Conversations with Gary Giddins: on Thelonious Monk

December 23rd, 2002



Village Voice writer Gary Giddins, who was prominently featured in Ken Burns’ documentary Jazz, and who is the country’s preeminent jazz critic, joins us in a December 23, 2002 conversation about jazz legend Thelonious Monk.

Conversation hosted by Jerry Jazz Musician publisher Joe Maita.


photo by Lee Tanner

I say play your own way. Don’t play what the public wants.  Play what you want and let the public pick up on what you are doing, even if it takes them fifteen or twenty years.

– Thelonious Monk


JJM In an essay on Monk, you write, “No voice in American music was more autonomous and secure than Monk’s, and no voice in jazz relied more exclusively on jazz itself for its grammar and vision.” Can you explain this?

GG The first part of it, the autonomous style, is self-evident. I can’t imagine anyone confusing Monk with any other performer. If you do a blindfold test and play Monk, the listener is likely going to know it’s him after about two bars. Everything about the way he approaches the piano and music is so distinctive. People used to use words like idiosyncratic and eccentric, but there is, of course, more than that — there is a tremendous beauty in Monk’s music, and it is peculiar to him. Everything about his attack, the particular percussiveness of his style, his use of chords, his astonishing time, can only be described as “Monkian.” And in terms of his almost exclusive reliance on jazz, most great jazz pianists have some classical training that seeps into their approaches to melodic line, time, harmony and everything else. With Monk, when you try to trace him back, you always go back to figures in jazz itself, to stride pianists, to Teddy Wilson, and to musicians who specifically predate him in that music. Even though he quotes from folk songs and all kinds of different material in American popular music, there is nothing obviously European about his influence. You would never say, “His playing comes from the fact that he spent his childhood learning how to play Mozart sonatas.” You just don’t hear that in Monk’s music.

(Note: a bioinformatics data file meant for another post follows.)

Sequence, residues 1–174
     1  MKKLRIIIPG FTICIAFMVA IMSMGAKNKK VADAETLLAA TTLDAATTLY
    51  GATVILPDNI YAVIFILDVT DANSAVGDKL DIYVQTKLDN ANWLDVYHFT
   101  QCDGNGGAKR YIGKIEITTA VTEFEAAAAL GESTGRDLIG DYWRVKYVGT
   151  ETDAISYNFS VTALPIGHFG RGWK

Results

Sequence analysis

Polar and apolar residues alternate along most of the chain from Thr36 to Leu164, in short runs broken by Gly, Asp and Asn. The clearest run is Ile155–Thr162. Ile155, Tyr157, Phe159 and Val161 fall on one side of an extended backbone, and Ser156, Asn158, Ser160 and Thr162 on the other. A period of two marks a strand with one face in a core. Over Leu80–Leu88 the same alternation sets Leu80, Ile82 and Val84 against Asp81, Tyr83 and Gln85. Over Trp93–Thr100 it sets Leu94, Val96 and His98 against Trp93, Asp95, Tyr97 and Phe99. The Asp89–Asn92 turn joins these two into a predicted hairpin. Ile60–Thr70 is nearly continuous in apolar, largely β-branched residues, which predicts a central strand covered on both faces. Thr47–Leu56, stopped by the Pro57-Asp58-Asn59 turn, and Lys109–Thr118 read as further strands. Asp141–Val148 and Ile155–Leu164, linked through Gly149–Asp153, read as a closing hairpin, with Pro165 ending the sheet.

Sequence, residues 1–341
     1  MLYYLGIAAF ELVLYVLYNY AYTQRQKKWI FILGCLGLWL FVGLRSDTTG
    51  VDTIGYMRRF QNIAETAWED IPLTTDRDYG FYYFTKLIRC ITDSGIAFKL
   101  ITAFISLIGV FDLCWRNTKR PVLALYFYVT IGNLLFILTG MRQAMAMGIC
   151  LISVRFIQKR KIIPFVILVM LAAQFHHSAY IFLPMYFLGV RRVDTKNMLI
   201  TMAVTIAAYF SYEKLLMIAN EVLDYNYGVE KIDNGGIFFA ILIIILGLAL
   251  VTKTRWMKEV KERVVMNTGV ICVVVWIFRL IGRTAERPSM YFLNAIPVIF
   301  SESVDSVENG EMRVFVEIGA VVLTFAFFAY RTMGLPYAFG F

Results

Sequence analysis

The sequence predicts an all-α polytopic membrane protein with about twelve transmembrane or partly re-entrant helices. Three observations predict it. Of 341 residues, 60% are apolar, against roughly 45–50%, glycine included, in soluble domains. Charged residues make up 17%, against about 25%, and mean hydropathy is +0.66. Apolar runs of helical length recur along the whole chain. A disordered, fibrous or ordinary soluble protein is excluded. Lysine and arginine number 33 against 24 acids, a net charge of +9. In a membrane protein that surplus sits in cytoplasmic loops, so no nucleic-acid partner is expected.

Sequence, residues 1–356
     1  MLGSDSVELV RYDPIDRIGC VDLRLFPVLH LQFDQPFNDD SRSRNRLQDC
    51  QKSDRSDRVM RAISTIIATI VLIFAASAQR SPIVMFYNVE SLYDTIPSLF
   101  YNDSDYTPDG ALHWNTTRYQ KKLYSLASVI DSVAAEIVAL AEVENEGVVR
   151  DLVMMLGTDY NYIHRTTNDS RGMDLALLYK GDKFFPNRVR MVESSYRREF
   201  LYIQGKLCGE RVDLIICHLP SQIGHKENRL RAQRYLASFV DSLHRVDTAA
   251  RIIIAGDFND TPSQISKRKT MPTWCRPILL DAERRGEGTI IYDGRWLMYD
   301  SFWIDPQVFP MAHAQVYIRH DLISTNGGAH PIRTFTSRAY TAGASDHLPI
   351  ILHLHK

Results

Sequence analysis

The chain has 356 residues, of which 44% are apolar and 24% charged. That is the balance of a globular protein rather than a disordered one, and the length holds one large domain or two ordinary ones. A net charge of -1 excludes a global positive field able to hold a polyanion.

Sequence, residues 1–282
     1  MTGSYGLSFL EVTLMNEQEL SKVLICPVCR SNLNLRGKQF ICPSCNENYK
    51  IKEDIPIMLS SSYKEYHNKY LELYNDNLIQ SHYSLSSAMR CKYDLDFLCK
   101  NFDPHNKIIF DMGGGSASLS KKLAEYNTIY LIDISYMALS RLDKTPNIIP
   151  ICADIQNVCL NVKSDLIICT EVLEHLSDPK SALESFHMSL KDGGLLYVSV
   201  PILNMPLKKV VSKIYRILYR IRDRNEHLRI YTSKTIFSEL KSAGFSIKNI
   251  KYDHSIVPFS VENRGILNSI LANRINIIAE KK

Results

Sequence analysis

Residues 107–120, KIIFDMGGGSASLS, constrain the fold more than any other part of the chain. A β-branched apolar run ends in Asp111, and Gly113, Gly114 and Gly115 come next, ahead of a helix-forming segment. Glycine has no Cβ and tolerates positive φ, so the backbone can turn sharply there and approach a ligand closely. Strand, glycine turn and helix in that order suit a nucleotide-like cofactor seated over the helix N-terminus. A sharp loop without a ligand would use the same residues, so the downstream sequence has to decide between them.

When I was an undergraduate, I spent the summer of my freshman year studying in the South of France. One of the Americans in my group was a classical pianist who had actually toured as a prodigy in the United States and in Europe. He didn’t know a great deal about jazz, but he absolutely worshipped two jazz pianists, Thelonious Monk and Bill Evans. The reason was that he was astonished at the idea that when these two musicians sat at the keyboard you knew instantly, from the first note, that it was them. The idea that an attack could be that distinct and individual filled him with admiration.

JJM Critic Dan Morgenstern said of Monk, “He may not be on your time, but he knows what time it is.” He also said that Monk is “one of those things only jazz could have made possible.” We know that Monk was a tad eccentric. Can you enlighten us a little about what Monk was like as a person?

GG  Monk is a mystery to most of us. I met him (sort of), once, at the end of my freshman year in college. I had just been voted Concerts Chairman at Grinnell College in Iowa, and was in New York, attending an Elvin Jones gig at the Five Spot. Monk was in the audience, listening. I walked over to him and was struck by how imposing he was. Here was this great, towering genius, and I felt like I was coming up to his knee! I called him “Mr. Monk,” and I remember my friend thought that was hilarious, but what else are you going to call him? I wasn’t going to walk over and merely say, “Thelonious!” I introduced myself and told him that I was Concerts Chairman at Grinnell and I would like to talk to him about how much it would cost to bring his quartet out there. He put his hand on my shoulder, walked me to the bar and said, “You should talk to my manager. You would like him. He is a school teacher.” He introduced me to his manager, Harry Colomby, who was sitting at the bar. I had a little chat with him, who was a bit skeptical because Monk got a huge amount of money in those days. And that was that.

The interesting thing about Monk’s eccentricity is that he was married to a delightful and very normal “feet on the ground” woman, Nellie Monk, and his son T.S. is as normal as you can possibly imagine. The eccentricity wasn’t catching, although I imagine something of the genius was. An example of his eccentricity is a story of Nellie’s that Nat Hentoff published in his early sixties book, The Jazz Scene. She said she used to have a phobia about pictures hanging on the wall at crooked angles, and she was constantly walking around the apartment, straightening out the pictures. One day Monk nailed them all to the wall slightly skewed. Every picture was about a half inch off, and after a while she just got used to it and in essence said, “To hell with it!” I think that is what Monk did to jazz — he made you hear those minor seconds and those dissonances and his approach to time, until finally it just settled in and everybody said, “This is great. This is the way you play this music.”